Ground handling control is good for everyone!
Whether you are a novice pilot or not, by practising your paragliding ground handling control you not only will make nicer and savers takeoffs but you will improve your reactions and your feeling of the wing in flight.
It is very important after you have finished your Club Pilot paragliding course to practise your ground handling as much as you can: it is almost a flight simulator! And if you are a rusty pilot, it is the best thing you can do before you go back to the game.
Ground handling exercises for paragliding pilots
Ideally you use the equipment what you normally use for flying; that gives you a good feeling of your harness and your glider, but if you don't want to take the risk of damaging your new wing, you can practice with an older one (it is easy to find cheap old paragliders in the second-hand market).
For beginners, it can be useful to practice with mini-wings when the wing is strong. We always start with these mini-wings in our Elementary Pilot courses: it is easier, and the students learn faster.
Ground-handling excercises for paragliding pilots
Find a nice open space without obstacles; if you choose a landing field, you must be sure that you don't disturb pilots landing on it!
Wear a helmet, of course.
It is important that you master both technics: forward and reverse launch.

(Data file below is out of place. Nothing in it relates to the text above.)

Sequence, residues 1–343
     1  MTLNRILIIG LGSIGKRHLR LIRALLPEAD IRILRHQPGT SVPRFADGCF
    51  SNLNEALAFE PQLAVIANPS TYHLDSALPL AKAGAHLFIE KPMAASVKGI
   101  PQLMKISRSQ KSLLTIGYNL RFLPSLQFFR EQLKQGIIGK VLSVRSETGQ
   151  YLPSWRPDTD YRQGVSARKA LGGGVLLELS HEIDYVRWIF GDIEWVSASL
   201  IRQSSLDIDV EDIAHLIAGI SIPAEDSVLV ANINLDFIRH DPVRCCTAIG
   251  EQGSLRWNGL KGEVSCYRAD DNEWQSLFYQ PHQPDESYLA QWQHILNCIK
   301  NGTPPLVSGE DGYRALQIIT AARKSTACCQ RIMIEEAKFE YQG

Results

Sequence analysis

In light wind (<10 km/h), you can practice the forward launch. You can also
The wind speed should be 15-20 km/h for practising the reverse launch.
You also can practice the control of the wing when you running: the pitch and the roll.
For the reverse launch, try to control the wing above your head as long as possible, then turn around and face forward, control the wing for a while, turn around again and collapse your wing. Restart.
You can play a game with your friends: inflate the wings at the same time and try to keep the wing over your head as long as possible. Make several rounds... Who loses, pay the beers!
If possible, practice all this on a little hill: take off and make very small flights, then try to go back to the top of the hill kiting with the wing.
To know how to collapse your wing safely when landing in a strong wind, you can pull down the C risers at the same time that you turn around 180º and face the wing. This reduces the surface of the wing exposed to the wind and, consequently, its force. You can practice this in a moderate wind: use the reverse launch technic, turn around forward and try to collapse the wing on that way.
Control the pitch forward: for this exercise, allow the wing to search ahead of you without checking it on the brakes, and see if you can anticipate when it’s going to make a frontal collapse.